Activity in the human brain is frequently characterized in terms of spontaneous neural fluctuations that are present even in the absence of an explicit task. Evidence for such ceaseless dynamics have been reported across spatial and temporal scales and contain both spatial and temporal structure. A number of theoretical frameworks have been developed to describe these highly flexible dynamics, [1-5]. One remarkable feature of spontaneous neural dynamics is that they are present in all but the most extreme of brain states e.g., deep anaesthesia . Typically, these dynamics only occur within a narrow window of parameters. Outside this, models will often fall into a pathological state, in contrast to the actual brain that maintains dynamics in the face of changing external environment as well as with structural changes. A theoretical account of how spontaneous dynamics emerge from the brain must therefore include mechanisms that tune the dynamics. E/I mediated homeostasis has been shown to induce critical dynamics within a simple model with mean-field approximations of coupled excitatory and inhibitory neurons [7, 8], suggesting that inhibitory homeostatic plasticity may provide a mechanism to stabilize brain dynamics at the macroscopic level, and may be relevant for understanding macroscopic patterns of brain activity.
We use a mean field model of macroscopic brain activity, adapted from the Wilson-Cowan model . The model is based on an empirically defined network topology derived from white matter connectivity between 66 cortical regions . Each node of the model contains a pool of inhibitory and a pool of excitatory neurons; nodes receive input from other excitatory nodes weighted by the strength of long-distance white matter tracts. We adapt the model by adding a simple local learning rule that adjusts the inhibitory weight within a node such that excitation of the node equals a target value. We then evaluate the effect of adding inhibitory plasticity into the computational model, both by estimating measures of complex dynamics such as 'neural avalanches' . Furthermore, we directly compare the ability of the model to generate patterns of intrinsic functional connectivity, by evaluating time-dependent functional connectivity of the model against empirical resting state activity of the brain estimated using fMRI .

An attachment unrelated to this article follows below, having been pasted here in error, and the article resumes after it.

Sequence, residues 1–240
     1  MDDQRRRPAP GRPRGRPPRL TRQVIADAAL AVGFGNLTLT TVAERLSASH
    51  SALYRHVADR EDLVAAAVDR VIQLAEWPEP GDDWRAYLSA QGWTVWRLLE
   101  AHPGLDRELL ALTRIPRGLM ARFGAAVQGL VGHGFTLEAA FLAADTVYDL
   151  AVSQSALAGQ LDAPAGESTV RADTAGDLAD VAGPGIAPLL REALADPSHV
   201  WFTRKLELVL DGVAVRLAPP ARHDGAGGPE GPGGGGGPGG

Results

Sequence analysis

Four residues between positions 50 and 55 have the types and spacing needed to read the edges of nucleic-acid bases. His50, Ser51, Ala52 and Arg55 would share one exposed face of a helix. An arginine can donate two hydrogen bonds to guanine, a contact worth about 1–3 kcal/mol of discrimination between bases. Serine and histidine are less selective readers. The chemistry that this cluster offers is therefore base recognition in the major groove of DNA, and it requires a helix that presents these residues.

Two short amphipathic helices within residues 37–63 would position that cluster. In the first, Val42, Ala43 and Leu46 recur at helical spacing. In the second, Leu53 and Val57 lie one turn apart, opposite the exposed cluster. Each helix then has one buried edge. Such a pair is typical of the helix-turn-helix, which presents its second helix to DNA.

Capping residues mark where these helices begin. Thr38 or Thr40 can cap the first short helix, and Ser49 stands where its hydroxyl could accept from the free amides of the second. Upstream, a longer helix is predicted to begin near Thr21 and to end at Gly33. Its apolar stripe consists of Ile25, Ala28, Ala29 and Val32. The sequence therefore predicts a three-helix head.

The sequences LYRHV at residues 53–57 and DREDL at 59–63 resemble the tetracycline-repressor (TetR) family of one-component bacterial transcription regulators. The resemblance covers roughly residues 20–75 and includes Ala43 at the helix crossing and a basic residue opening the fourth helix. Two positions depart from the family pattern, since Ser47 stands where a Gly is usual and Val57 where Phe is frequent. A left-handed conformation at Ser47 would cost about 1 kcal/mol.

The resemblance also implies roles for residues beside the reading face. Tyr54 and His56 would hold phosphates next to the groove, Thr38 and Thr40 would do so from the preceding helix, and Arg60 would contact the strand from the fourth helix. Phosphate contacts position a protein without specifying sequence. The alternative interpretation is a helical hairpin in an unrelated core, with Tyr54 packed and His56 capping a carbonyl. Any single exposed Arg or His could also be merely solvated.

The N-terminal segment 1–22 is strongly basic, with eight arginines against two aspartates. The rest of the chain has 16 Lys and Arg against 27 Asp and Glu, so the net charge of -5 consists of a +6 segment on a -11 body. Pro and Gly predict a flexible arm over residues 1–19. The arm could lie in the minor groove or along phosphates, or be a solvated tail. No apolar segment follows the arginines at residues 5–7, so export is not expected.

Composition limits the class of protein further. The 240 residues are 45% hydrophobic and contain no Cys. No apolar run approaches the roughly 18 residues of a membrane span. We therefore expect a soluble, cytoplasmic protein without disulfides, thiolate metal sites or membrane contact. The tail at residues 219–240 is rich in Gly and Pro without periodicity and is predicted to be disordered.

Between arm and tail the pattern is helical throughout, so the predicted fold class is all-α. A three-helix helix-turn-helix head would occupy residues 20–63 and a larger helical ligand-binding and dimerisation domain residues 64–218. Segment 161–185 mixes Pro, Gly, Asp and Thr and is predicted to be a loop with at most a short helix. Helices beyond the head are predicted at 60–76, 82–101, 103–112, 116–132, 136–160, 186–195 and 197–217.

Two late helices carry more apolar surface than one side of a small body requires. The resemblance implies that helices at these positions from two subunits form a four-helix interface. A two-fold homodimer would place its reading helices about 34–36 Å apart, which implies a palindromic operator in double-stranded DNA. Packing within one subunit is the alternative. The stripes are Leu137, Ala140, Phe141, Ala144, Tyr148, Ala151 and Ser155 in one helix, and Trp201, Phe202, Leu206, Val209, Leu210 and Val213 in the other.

We demonstrate that the addition of inhibitory plasticity leads to the following results: 1) it regulates the E/I balance, both locally and globally; 2) it enhances dynamics (resulting in dynamics consistent with criticality); 3) the dynamics do not fall into obviously pathological states; 4) the activity patterns reflect the underlying structural information in a way which maximally matches empirically-measured functional connectivity from resting state fMRI in humans. Therefore, this local inhibitory learning rule provides a mechanism whereby the underlying brain network topology can shine through while also ensuring rich, spontaneous dynamics.
This work presents a simple, local, biologically plausible inhibitory mechanism that allows stable dynamics to emerge in the brain and be maintained over time, which facilitates the formation of functional connectivity networks.
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